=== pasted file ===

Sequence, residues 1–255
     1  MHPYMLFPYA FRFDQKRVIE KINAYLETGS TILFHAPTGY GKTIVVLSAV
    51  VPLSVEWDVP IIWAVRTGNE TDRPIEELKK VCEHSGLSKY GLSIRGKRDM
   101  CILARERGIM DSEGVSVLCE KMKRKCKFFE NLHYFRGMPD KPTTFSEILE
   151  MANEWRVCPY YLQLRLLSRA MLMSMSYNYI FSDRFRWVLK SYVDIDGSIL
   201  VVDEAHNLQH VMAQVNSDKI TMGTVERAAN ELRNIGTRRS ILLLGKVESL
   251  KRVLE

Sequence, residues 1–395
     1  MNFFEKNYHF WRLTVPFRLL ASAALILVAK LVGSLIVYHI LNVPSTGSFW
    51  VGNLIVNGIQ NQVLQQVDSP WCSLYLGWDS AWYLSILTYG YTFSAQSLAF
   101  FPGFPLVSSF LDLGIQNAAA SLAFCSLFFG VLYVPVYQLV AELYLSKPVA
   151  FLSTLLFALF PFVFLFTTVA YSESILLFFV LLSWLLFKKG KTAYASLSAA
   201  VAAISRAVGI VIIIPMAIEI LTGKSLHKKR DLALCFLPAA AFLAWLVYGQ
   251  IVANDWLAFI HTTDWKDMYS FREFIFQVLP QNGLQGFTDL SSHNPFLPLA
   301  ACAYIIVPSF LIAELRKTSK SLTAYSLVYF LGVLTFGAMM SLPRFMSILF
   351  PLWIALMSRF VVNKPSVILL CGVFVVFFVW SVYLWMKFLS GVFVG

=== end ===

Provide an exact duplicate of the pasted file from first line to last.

Sequence, residues 1–255
     1  MHPYMLFPYA FRFDQKRVIE KINAYLETGS TILFHAPTGY GKTIVVLSAV
    51  VPLSVEWDVP IIWAVRTGNE TDRPIEELKK VCEHSGLSKY GLSIRGKRDM
   101  CILARERGIM DSEGVSVLCE KMKRKCKFFE NLHYFRGMPD KPTTFSEILE
   151  MANEWRVCPY YLQLRLLSRA MLMSMSYNYI FSDRFRWVLK SYVDIDGSIL
   201  VVDEAHNLQH VMAQVNSDKI TMGTVERAAN ELRNIGTRRS ILLLGKVESL
   251  KRVLE

Sequence, residues 1–395
     1  MNFFEKNYHF WRLTVPFRLL ASAALILVAK LVGSLIVYHI LNVPSTGSFW
    51  VGNLIVNGIQ NQVLQQVDSP WCSLYLGWDS AWYLSILTYG YTFSAQSLAF
   101  FPGFPLVSSF LDLGIQNAAA SLAFCSLFFG VLYVPVYQLV AELYLSKPVA
   151  FLSTLLFALF PFVFLFTTVA YSESILLFFV LLSWLLFKKG KTAYASLSAA
   201  VAAISRAVGI VIIIPMAIEI LTGKSLHKKR DLALCFLPAA AFLAWLVYGQ
   251  IVANDWLAFI HTTDWKDMYS FREFIFQVLP QNGLQGFTDL SSHNPFLPLA
   301  ACAYIIVPSF LIAELRKTSK SLTAYSLVYF LGVLTFGAMM SLPRFMSILF
   351  PLWIALMSRF VVNKPSVILL CGVFVVFFVW SVYLWMKFLS GVFVG